Energy Change Key to Meeting UN Climate Goal


The world can still meet the UN goal to limit global warming provided it cuts annual greenhouse gas emissions by 40-70 percent by 2050, a top expert panel said Sunday.

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The cost will not be crippling, but the longer it takes to switch to cleaner energy sources, the harder and more expensive it will become to halt warming at the UN's targeted two degrees Celsius (3.6 degrees Fahrenheit) over pre-Industrial Revolution levels.

The Intergovernmental Panel on Climate Change (IPCC) warned starkly that on present trends the planet would be 3.7-4.8 C warmer by 2100 -- a level many scientists say could be catastrophic.

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"There is a clear message from science: to avoid dangerous interference with the climate system, we need to move away from business as usual," said Ottmar Edenhofer, co-chairman of the UN expert group that compiled the report.

While most scenarios for meeting the target "require substantial investments", he said, this "does not mean that the world... needs to sacrifice economic growth."

UN climate chief Christiana Figueres said the findings challenged governments to make the world carbon-neutral in the second half of the century.

"We cannot play a waiting game where we bet on future technological miracles to emerge and save the day," she said in a statement.

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The report is the third and final chapter of a mammoth overview by the Nobel Prize-winning panel -- its first assessment since 2007.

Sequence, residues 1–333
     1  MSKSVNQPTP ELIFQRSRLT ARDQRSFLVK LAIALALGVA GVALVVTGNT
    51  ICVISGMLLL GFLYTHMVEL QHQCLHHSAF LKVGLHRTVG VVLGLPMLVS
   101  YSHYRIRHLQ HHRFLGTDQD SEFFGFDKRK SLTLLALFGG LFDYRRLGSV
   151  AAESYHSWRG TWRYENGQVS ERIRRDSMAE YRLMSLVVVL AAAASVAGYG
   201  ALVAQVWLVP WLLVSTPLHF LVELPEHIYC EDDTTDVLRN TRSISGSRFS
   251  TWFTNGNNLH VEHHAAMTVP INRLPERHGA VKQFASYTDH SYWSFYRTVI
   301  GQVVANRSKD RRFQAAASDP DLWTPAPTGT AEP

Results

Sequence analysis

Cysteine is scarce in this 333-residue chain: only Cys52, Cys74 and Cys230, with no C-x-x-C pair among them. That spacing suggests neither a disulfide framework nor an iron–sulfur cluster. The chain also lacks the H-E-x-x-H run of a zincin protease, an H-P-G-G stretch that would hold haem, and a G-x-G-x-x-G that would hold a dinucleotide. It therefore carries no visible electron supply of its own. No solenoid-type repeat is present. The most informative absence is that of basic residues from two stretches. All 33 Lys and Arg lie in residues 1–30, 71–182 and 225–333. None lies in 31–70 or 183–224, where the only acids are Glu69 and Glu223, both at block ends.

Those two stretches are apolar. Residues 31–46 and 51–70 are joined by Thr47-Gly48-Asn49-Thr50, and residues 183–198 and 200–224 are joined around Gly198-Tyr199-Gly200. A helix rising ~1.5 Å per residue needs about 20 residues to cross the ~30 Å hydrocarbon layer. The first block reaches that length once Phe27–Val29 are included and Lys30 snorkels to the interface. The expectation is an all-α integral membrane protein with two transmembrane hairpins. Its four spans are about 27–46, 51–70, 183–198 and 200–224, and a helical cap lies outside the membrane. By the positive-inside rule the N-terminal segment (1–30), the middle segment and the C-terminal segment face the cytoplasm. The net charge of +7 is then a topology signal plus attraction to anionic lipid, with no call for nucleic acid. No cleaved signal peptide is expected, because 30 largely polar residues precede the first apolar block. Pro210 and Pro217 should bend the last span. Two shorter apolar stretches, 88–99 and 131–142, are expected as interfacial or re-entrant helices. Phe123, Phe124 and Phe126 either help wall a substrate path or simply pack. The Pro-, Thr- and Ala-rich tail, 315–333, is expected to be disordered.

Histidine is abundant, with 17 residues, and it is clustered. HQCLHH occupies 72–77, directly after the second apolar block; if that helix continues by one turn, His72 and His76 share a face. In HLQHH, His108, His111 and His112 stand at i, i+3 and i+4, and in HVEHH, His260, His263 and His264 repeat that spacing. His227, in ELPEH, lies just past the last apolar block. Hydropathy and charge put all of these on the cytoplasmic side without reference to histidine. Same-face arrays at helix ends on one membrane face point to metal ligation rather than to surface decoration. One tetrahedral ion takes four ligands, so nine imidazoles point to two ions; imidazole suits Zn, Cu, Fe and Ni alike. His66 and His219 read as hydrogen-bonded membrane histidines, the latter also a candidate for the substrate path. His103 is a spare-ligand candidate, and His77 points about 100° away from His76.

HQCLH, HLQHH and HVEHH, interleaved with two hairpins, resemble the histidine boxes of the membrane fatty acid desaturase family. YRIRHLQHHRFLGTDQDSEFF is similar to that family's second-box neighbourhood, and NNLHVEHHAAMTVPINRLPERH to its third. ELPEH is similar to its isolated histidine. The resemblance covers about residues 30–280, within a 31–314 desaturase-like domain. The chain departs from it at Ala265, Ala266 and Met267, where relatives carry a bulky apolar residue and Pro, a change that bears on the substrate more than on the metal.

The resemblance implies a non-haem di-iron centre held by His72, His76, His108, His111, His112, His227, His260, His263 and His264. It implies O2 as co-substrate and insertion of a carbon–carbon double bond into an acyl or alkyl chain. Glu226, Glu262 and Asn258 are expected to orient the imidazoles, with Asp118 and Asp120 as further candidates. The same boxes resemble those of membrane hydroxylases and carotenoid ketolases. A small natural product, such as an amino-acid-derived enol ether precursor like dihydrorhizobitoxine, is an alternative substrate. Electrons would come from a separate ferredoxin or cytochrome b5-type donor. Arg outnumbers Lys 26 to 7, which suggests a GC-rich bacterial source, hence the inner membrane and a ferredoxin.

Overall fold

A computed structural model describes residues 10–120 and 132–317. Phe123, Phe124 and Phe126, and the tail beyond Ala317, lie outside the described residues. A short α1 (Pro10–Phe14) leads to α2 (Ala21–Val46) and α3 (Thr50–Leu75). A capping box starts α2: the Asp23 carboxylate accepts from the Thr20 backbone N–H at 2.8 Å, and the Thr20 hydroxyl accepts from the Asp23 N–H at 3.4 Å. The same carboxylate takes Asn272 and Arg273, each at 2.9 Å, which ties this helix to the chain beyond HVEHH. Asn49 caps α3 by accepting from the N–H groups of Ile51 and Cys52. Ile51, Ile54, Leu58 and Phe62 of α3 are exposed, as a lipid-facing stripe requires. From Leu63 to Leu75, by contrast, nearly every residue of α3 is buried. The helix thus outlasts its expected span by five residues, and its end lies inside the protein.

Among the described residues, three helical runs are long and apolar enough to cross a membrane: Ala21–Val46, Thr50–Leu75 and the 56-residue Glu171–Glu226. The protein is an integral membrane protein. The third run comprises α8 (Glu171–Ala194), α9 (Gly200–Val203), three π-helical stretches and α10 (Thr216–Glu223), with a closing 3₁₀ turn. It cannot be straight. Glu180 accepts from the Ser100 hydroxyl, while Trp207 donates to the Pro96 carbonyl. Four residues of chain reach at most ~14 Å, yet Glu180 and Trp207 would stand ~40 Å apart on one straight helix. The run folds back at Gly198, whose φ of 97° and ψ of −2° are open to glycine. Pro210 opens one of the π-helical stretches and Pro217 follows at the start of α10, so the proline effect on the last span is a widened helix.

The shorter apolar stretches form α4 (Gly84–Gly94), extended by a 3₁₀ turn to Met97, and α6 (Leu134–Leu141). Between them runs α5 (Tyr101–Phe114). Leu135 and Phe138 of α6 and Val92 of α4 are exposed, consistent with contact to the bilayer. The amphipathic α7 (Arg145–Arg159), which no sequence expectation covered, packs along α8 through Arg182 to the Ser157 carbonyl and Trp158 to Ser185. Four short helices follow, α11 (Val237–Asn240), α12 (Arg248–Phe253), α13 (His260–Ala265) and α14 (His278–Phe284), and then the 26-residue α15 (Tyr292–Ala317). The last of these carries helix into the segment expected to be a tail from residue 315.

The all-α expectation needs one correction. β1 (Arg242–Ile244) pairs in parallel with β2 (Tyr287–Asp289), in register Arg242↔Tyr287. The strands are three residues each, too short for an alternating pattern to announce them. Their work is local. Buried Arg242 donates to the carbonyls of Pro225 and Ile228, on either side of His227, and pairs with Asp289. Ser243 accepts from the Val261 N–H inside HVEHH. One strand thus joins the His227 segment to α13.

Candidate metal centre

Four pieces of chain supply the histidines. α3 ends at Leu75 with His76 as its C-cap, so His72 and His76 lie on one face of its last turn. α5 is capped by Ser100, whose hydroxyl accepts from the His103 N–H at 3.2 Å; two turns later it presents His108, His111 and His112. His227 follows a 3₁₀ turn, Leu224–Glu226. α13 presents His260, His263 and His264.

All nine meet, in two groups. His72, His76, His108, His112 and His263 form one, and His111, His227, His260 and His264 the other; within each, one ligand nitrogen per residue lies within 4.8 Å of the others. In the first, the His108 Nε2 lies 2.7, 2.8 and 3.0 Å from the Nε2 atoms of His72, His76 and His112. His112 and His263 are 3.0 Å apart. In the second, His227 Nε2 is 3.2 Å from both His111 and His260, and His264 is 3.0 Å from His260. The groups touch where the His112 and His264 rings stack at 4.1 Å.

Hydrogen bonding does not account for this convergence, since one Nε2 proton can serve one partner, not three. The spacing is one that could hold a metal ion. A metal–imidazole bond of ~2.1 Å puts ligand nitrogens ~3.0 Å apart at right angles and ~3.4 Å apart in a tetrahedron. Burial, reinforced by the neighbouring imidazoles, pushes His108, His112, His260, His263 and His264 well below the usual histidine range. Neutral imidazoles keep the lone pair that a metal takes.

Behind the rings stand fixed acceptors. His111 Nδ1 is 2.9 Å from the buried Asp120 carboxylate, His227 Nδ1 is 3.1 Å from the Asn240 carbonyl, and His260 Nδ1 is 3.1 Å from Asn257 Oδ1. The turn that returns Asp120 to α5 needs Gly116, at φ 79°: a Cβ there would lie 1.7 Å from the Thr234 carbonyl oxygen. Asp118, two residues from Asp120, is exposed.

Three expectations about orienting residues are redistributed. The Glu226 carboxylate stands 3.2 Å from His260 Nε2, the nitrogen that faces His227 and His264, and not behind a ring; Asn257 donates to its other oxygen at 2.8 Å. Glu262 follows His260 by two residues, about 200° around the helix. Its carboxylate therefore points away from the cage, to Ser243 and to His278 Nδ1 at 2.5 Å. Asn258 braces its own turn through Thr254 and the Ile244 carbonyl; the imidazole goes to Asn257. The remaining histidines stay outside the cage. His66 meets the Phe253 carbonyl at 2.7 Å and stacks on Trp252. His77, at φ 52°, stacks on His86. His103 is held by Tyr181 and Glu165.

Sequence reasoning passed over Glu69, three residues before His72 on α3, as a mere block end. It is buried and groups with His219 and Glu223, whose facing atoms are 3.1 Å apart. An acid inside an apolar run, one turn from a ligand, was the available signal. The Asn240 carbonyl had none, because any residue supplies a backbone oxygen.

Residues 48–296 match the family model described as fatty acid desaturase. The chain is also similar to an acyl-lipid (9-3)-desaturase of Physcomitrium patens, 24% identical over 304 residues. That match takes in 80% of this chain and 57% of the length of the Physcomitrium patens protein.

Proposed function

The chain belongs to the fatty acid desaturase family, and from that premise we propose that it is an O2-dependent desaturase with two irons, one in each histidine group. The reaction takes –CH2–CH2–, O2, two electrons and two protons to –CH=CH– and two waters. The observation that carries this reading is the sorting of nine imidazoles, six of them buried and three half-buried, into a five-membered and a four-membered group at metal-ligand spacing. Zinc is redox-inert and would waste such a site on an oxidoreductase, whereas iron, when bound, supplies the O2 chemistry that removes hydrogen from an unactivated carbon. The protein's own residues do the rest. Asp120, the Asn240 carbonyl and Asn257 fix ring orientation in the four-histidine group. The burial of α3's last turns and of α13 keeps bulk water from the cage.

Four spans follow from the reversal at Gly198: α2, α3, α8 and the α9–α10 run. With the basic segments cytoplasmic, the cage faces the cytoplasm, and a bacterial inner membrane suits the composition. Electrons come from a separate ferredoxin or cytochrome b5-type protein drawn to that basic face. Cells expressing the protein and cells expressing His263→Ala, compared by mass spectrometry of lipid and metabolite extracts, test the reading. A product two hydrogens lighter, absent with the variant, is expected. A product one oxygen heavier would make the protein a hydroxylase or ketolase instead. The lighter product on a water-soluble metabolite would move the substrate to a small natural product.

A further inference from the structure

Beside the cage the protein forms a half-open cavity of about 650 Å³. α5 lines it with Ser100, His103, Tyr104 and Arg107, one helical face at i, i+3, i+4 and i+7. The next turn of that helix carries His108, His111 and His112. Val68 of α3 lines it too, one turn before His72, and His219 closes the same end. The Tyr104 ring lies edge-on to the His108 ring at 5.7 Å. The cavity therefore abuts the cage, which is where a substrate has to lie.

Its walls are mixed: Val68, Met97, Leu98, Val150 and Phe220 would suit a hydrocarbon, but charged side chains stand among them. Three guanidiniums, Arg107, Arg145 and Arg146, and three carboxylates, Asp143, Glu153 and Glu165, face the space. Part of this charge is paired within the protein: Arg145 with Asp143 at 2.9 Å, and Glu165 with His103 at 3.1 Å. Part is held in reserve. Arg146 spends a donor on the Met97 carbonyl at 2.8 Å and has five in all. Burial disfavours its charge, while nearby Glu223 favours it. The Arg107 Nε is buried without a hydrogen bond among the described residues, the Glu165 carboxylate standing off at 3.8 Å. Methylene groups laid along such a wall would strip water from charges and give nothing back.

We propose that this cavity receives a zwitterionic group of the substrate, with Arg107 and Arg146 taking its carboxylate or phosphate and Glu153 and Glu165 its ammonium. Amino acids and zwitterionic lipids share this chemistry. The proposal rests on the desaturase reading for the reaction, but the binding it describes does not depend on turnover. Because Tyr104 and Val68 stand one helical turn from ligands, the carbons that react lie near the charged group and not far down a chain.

Compiled by hundreds of experts over four years, it collates the available science on climate change, seeking to inform national policies and the faltering global effort, which Figueres oversees, to formulate a pact by 2015 on curbing emissions.

A summary of the document, issued Sunday, warns that delaying further cuts to 2030 would "substantially increase the difficulty" of reaching the 2C goal.

For a 66 percent or "likely" chance of meeting it, the concentration of greenhouse gases in the atmosphere must be contained at about 450 particles per million of CO2 equivalent (ppm CO2eq) in 2100 -- compared to 430 ppm CO2eq in 2011.

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This would entail a 40-70 percent emissions reduction from 2010 to 2050, nearing zero by 2100.

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There would also be a "tripling to nearly a quadrupling" in the share of energy from renewable and nuclear sources and from traditional fossil or new biofuel sources whose emissions are captured.

This will come at a cost -- clipping about 0.06 percentage points annually off growth in global consumption, which would otherwise have been about 1.6-3.0 percent per year over the century, according to the estimates.

The calculation did not factor in potential savings from tackling emissions, including healthier humans and ecosystems and energy security.

"The IPCC is clear that acting on climate change is possible, beneficial and affordable," said WWF climate representative Samantha Smith.

"If we act now, costs will be only a very small fraction of global economies."

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